The paper is comprised of the following descriptive parts: (1) the International Federation of Social Work's standard of conduct, (2) a definition of dual relationships, (3) an explanation of the right to self-determination, (4) a case study involving the promotion of action(s) that develop non-sexual dual-relationships in the work place and (5) an ethical debate of these action(s) based on the Markula Center of Applied Ethics ethical decision making framework.

2. Social Work Conduct

In October 2004, the International Federation of Social Workers (IFSW) issued a new Ethical Principles and Standards Document (IFSW, 2004). In this document, social worker's professional conduct must:

(1) act with integrity. This includes not abusing the relationship of trust with the people using their services, recognizing the boundaries between personal and professional life, and not abusing their position for personal benefit or gain, (2) include an acknowledgement that they are responsible for their actions to the people they work with, their colleagues, their employers, the professional association and to the law, and that these accountabilities may conflict, (3) foster and engage in ethical debate with their colleagues and employers and take responsibility for making ethically informed decisions and (4) work to create conditions in employing agencies and in their countries where the principles of this statement ( IFSW ethical document) and those of their own national code are discussed, evaluated and upheld (IFSW, 2004).

This professional standard of conduct represents a moral aspiration for all social workers. It asks that all social workers engage in ethically-based relationships with people and within their workplaces that do not allow them to develop unethical alternative actions to practice.

3. Dual relationships

Ethical issues concerning dual relationships in the social work practice arena are the most challenging and problematic (Strom-Gottfried, 1999; Kagel & Giebelhausen, 1994). In its simplest definitional form, non-sexual dual relationships in social work practice are relationships that occur when a social worker assumes a second relationship with a client that may cause actual or potential conflicts between their professional duties and their social, religious or business relationships (Kagel & Giebelhausen, 1994; Reamer, 2001; Reilly, 2003). These second relationships may be ethical or unethical, problematic or non-problematic which is why the blurring between professional ethics and standards and practice sometimes occurs.

Reamer (2001) states that it is important for human service professionals to distinguish and to understand what is meant by a boundary crossing and a boundary violation when attempting to understand dual relationship issues. As the name suggests, a boundary violation happens when a social worker is involved in a dual relationship that is exploitative, coercive, manipulative or deceptive. Not only are boundary violations aggressive in nature, but a potential conflict of interest which could harm clients or colleagues is possible. Should a conflict of interest occur, the social worker could potentially be seen as prejudicial in her decision-making.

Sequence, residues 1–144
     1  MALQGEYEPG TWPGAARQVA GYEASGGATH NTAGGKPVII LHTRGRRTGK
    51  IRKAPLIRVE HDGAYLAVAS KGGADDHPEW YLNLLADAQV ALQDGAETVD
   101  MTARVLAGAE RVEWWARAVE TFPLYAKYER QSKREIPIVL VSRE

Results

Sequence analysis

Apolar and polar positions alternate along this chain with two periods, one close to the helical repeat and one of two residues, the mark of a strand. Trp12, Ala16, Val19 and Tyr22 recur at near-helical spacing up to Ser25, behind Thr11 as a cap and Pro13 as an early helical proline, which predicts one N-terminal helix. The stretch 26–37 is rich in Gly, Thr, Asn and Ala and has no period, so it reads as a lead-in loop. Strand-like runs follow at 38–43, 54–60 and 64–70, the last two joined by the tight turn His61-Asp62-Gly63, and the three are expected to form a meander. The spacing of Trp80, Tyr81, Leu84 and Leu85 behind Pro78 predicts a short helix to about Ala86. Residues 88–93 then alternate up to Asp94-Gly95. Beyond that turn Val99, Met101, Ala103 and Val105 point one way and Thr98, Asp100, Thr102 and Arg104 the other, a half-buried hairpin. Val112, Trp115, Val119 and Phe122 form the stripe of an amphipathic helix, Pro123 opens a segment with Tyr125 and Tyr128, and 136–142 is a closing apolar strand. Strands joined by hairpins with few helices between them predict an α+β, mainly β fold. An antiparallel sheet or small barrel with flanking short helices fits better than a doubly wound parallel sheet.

Dual relationships that are not exploitative, coercive, manipulative or deceptive with clients are seen as a boundary crossing. This type of crossing over between a professional relationship and into a second relationship has the potential to be either ethical or unethical or somewhere in between. Some of these 'crossings' may be more helpful than harmful and vice versa (Hartly, 2002).

Reamer (2003; 2001) has defined dual relationships within five central themes: (1) intimate relationships, (2) personal benefits, (3) emotional and dependency needs, (4) altruistic gestures, and (5) unanticipated circumstances. Actions within those five themes are listed in the table below.

Dual Relationship Themes Actions
Intimate Relationships sexual relationships
physical contact
services to former lover
intimate gestures
Personal Benefits monetary gain
good and services
useful information
Emotional and Dependency Needs extending relationships with clients
promoting client dependence
confusing personal and professional lives
reversing roles with clients
Altruistic Gestures performing favors
providing nonprofessional services
giving gifts
being extraordinarily available
Unanticipated Circumstances social and community events
joint affiliations and memberships
mutual acquaintances and friends
Source: Reamer (2003)

Many of the ethical complaints against social workers involve sexual dual relationships (Aguilar, Williams & Akin, 2004; Mittendorf & Shroeder, 2004). Not many practitioners, the institutions and the populations that they serve would fail to recognize the inherent harm and conflict of interest that involve some form of sexuality within a social worker-client relationship. However, not all practitioners, the institutions and the populations that they serve recognize the inherent harm and conflict of interest that can arise from non-sexual dual relationships (Pepper, 2004). Practitioners who do recognize their involvement in a dual relationship can experience discomfort which may have negative effects on their personal and professional lives (Nigro, 2004). Have we as practitioners allowed those areas that are not as readily evident as sexual intimacy to become so muddled in a twilight zone of practice and place that we have forgotten their ethical importance? What ever form dual relationships take, it is without question that most dual relationships inherently violate the belief in the worth and dignity of all humans. This belief forms the basis to the right for self-determination.